AMI on the Move

By Charlayne Hunter-Gault and Trevor Ncube, co-Chairs of the African Media initiative (AMI)

As the United Kingdom continues to be rocked by a mega media scandal and media institutions in the US continue to grapple with their identity, internet challenges and dwindling resources, the African Media Initiative (AMI) is having great success in moving confidently to create a new model for media the world could emulate.

AMI , a Pan African initiative created to strengthen private and independent media on the continent, has moved aggressively forward in providing African media leaders and the practitioners they employ with tools to help them raise their standards and provide their consumers with the tools they need to create a vibrant democracy and participate in meaningful economic development. That, in turn, will help the African people see the end to the exploitation by others and the development they need to overcome the poverty and its attendant handmaidens that exploitation has led to.

Working for two days in Dakar, Senegal, at a hotel in the shadow of a gleaming bronze statue of a family hailing the African Renaissance , we, the board of AMI had a lot to encourage our belief that we are making huge leaps on the road to Renaissance.

For example, we have recently embarked on projects we believe will have a profound impact on the African media landscape in the coming months.

They include, in the first instance, a project aimed at instilling in all media leaders ethics as our core principle. Therefore, we have partnered with the Media Owners Association of Kenya (MOA) to pilot an industry-led process that intends to anchor leadership and ethics at the heart of African media. At the meeting of our flagship project--African Media Leaders Forum (AMLF) --in Tunis later this year, we will ask all of the media owners in attendance--and there were 300 at our last meeting in Cameroon-- to sign a pledge we have put together indicating they embrace the highest ethical standards and are willing to be publicly exposed if they fail to meet this goal.

Additionally, AMI has recognized the importance of mobile technology in reaching all Africans, especially those in rural areas. So, we have teamed up with the Mail&Guardian (M&G) in South Africa and Joy Multimedia (Joy FM) in Ghana to pilot innovative ways to collect and disseminate news and information to larger audiences. The Public Insight Network (PIN) being implemented with the M&G in partnership with American Public Radio allows journalists to easily find ordinary, civically engaged people anywhere in the country to speak knowledgeably about topical issues, adding new voices to the usual suspects aka pundits.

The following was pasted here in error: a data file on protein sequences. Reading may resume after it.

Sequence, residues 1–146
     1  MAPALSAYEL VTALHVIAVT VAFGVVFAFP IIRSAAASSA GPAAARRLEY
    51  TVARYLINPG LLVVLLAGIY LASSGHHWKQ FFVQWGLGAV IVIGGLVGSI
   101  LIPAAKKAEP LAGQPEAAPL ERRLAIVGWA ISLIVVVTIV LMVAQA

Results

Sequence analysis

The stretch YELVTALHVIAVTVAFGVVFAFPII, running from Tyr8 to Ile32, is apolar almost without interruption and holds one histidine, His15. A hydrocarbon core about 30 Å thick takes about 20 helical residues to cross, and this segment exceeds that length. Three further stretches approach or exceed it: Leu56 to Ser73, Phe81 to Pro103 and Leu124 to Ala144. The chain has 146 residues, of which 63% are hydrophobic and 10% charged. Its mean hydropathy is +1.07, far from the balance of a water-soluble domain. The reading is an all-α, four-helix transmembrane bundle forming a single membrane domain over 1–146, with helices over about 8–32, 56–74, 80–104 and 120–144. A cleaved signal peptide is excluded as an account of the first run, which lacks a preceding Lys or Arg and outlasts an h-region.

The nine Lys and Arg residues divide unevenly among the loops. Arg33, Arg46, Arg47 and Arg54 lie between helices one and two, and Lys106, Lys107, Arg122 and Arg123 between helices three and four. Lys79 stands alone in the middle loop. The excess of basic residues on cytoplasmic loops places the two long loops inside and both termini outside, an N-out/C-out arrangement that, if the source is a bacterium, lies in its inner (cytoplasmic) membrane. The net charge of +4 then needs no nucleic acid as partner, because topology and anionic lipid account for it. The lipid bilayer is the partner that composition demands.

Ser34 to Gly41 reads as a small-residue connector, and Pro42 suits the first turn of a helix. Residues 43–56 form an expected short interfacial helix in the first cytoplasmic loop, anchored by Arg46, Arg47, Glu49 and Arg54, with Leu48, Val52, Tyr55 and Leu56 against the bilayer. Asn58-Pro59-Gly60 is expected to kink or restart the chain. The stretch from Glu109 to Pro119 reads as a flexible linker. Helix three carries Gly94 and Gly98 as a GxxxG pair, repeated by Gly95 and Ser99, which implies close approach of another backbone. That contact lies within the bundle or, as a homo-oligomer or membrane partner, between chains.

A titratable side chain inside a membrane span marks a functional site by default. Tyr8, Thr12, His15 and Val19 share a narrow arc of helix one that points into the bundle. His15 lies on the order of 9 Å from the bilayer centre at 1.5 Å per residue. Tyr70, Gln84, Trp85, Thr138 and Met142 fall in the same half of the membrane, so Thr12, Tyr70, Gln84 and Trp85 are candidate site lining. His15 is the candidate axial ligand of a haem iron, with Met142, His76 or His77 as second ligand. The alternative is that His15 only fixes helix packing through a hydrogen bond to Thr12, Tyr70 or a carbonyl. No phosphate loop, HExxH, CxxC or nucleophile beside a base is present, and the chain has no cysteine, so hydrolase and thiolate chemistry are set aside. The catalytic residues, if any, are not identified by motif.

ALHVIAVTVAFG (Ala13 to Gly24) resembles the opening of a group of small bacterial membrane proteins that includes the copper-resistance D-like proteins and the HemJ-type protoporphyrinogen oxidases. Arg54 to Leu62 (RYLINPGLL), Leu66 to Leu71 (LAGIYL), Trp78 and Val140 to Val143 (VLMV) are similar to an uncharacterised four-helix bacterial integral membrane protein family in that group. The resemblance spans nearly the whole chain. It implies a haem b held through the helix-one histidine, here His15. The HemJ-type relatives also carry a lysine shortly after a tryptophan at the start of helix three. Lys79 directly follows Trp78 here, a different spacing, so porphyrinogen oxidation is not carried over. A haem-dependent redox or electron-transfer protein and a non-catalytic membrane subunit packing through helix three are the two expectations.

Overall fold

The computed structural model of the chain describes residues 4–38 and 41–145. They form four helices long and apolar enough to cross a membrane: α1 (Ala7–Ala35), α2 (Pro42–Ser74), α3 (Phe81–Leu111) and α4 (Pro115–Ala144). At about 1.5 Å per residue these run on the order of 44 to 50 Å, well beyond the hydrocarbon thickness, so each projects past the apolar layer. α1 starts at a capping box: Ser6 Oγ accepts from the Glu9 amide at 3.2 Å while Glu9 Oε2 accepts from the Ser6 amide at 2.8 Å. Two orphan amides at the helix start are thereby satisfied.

PIN also allows citizens to proactively help shape the news agenda by giving them a trusted and direct channel into newsrooms for tip-offs, suggestions, and commentary.

To give incentives and reward pioneers in digital media across the continent, in partnership with Omidyar Network, Google and the U.S. State Department, AMI will launch in November an African News Innovation Challenge which will be the first continental showcase for home-grown solutions and innovation in the media sector.

Moreover, in order to respond to rapidly changing market conditions, as well as meager funds, AMI is spearheading the establishment of a continental network of "innovation laboratories" that bring together journalists and technoligists for low-risk, rapid-prototyping that experiments with new ways to produce and disseminate news. Pilot projects are set to launch in Cameroon, Ethiopia, Ghana, Kenya, Nigeria, South Africa, Tanzania and Uganda within the next month. We are currently in discussions with mobile companies for material and technical support.

And these are only a few of the giant steps AMI has taken in the past few months, with more to come as we consult with our colleagues and stakeholders and experts with the same commitment around and outside the continent. We do not intend to be a top-down organization!

Clearly, AMI is on the move and is inspired by the cooperation and support we are getting from donors, as well as the media community we are wholeheartedly committed to serve for the benefit of citizens around the continent, as well as outside . For a thriving, productive Africa is one which will not only benefit Africa, but also its neighbors in the world. African media must be equipped to share that truth and tell its story for Africa to take its rightful place in the world, its citizens must be empowered and able to participate in the continent's development and governance. AMI is confident that it is putting in place the building blocks for this to happen.

1 Comment Post Comment

  • African Media Initiative
    Sep 17 2011, 14:27

    Way to go, keep it up